Oded Oren Presented Testimony at Hearing on Potential Legislative Changes to Section 50-a of the Civil Rights Law

The New York State Senate

Standing Committee on Codes

Hearing on Potential Legislative Changes to Section 50-a of the Civil Rights Law

October 17, 2019

BxD expresses our strong support for S.3695 (Bailey) / A. 2513 (O’Donnell) to fully repeal New York Civil Right Law Section 50-a. Section 50-a maintains a shroud of secrecy over the disciplinary records of police officers, depriving New Yorkers from getting crucial information about law enforcement officials who engage in misconduct and abuse the public trust.  Repealing 50-a is a critical step towards police accountability and protecting the civil rights and liberties of New Yorkers, particularly people of color.

Police misconduct is a lived reality for many of our clients. Our clients are pushed and shoved, their faces scraped on walls and on the floors, their arms broken and their heads intentionally banged against cars and walls — even after they are handcuffed. Police misconduct can also be psychologically scarring even when it is not physically.  Such was the case for a client of ours, who, strolling down the street towards his bus stop, was stopped by two undercover officers — guns brandished — who proceeded to throw him to the ground and later strip search him at the precinct. By the time our client’s case ended — with a dismissal — he had undergone months of therapy to address the trauma he had suffered from that encounter.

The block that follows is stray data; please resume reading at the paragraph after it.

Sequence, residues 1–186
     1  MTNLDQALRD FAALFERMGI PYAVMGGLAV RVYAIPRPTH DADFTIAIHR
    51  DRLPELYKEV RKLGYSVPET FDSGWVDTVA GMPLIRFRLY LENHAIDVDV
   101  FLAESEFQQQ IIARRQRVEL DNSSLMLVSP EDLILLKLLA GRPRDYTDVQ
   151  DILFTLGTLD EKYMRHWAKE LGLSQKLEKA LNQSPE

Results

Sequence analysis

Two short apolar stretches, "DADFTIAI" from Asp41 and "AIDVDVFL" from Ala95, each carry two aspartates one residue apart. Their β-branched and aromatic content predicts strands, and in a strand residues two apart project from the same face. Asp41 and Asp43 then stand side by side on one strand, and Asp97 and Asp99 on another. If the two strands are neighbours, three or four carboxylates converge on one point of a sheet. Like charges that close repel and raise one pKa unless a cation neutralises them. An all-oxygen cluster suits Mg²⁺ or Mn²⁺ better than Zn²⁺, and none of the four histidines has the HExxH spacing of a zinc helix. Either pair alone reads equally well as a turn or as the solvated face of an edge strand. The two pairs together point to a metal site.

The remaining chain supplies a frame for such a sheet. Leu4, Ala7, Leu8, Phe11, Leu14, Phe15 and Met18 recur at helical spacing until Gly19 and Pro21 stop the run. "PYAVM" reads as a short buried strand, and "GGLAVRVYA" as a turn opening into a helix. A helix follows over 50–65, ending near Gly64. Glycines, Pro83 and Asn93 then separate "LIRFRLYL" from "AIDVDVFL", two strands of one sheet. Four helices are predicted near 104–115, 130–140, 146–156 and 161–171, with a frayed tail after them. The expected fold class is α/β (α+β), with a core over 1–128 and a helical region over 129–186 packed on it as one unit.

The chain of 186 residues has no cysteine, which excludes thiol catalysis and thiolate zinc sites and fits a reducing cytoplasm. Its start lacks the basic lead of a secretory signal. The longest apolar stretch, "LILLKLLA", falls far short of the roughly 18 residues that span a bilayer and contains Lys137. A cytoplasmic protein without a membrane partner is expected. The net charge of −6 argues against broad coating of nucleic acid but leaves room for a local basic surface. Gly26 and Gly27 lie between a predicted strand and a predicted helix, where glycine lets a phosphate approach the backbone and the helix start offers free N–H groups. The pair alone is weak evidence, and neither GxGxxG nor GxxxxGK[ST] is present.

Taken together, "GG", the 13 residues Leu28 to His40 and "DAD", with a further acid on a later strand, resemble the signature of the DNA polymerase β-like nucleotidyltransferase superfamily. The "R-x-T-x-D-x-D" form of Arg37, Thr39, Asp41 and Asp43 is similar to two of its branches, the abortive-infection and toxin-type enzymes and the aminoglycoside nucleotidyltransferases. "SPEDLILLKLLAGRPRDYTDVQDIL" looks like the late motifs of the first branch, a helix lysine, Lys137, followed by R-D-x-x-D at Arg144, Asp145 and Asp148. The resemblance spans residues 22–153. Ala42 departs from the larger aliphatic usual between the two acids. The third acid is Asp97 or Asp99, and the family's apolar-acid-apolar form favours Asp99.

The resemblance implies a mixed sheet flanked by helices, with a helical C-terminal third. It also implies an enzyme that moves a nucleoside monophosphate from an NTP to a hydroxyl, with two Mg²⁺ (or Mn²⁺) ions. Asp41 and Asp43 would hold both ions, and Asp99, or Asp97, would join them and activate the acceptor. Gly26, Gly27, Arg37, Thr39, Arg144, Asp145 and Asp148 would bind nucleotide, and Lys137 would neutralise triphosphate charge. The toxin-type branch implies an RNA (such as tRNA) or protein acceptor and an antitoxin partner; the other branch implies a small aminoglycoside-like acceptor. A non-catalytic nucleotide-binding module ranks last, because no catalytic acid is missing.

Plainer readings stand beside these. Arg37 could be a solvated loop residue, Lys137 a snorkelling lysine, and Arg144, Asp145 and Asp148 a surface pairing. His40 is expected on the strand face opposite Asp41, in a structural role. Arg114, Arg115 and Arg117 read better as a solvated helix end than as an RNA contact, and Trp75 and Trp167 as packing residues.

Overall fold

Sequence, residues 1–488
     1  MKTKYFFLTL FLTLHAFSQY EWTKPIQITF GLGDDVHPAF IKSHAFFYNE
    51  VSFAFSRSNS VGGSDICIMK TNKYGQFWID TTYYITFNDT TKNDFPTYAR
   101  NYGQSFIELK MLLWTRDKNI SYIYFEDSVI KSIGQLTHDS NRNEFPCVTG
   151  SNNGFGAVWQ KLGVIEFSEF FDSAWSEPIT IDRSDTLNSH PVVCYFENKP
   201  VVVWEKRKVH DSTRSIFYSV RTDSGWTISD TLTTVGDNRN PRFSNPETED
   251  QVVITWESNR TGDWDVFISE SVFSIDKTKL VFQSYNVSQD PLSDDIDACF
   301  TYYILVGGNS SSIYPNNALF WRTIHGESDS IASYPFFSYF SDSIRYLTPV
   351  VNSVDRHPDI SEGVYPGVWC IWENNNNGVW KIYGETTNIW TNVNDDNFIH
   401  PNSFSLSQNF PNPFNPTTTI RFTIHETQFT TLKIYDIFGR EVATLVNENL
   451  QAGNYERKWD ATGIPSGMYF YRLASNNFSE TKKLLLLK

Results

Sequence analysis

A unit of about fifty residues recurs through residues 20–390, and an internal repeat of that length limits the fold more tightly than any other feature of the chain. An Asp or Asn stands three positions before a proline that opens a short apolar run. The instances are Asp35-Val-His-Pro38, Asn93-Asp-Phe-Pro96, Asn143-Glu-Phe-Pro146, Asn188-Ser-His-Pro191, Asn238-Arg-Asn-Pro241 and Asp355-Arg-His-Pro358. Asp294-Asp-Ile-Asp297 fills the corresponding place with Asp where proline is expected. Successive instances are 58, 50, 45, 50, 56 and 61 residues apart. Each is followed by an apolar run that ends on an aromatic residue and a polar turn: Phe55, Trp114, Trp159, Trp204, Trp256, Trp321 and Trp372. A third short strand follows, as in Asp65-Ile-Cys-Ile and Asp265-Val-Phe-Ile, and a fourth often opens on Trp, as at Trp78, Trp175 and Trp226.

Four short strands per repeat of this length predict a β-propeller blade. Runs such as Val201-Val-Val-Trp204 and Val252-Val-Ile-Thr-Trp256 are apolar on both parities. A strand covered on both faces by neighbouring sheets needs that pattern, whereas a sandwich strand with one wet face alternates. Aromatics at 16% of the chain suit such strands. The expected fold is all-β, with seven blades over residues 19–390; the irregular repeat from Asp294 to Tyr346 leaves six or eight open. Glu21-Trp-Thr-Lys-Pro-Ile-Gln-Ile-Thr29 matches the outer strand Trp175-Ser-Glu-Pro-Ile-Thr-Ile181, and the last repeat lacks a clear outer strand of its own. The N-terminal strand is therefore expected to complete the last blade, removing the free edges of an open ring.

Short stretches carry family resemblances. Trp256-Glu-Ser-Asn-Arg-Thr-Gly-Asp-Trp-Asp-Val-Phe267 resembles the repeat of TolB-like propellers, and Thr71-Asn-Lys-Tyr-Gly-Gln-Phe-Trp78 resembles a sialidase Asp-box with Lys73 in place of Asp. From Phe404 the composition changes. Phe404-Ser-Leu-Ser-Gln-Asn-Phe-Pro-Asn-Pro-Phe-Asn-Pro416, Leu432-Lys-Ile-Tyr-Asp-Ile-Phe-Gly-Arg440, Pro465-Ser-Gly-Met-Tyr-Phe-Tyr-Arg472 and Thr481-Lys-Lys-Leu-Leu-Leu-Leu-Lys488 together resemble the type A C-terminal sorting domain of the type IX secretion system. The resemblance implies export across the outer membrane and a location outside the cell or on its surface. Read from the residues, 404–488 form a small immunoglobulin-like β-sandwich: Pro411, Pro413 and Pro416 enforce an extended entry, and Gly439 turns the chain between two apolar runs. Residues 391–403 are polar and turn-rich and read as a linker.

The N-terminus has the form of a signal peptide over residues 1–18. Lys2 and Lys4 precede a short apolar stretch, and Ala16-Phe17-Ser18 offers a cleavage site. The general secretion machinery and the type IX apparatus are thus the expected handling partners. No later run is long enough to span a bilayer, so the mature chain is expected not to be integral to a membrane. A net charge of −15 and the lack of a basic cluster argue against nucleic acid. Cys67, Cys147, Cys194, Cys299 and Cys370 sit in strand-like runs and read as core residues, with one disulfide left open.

Transparency in police accountability and discipline, and the proper documentation and disclosure of police misconduct, are critical to both the effective representation of our clients in criminal court and to our clients’ ability to receive some form of closure and justice in their cases. For some of our clients, access to these records could be the difference between a conviction or a dismissal. We recently represented a client who, like many of our clients, was stopped, frisked, and charged with possession of controlled substance, in a blatant application of the racist stop-and-frisk practices that continue to harm our clients and their communities. The arresting officer’s misconduct records indicated a clear pattern of similar behavior. These records helped obtain a dismissal in that case, which was the first step in our client’s path to find justice and closure.

 Use of officer misconduct records in litigation is central to our criminal process and necessary to provide some measure of accountability for officer unlawful behavior. This is especially true when other accountability systems, such as the IAB or the CCRB, fail to do more than give an anemic slap to the wrist of the offending officer.  For many of our clients who often face the harsh consequences of a criminal conviction and loss of liberty, access to these records is especially urgent.

Watch the full testimony starting at 5:03:03 here

Read the full testimony here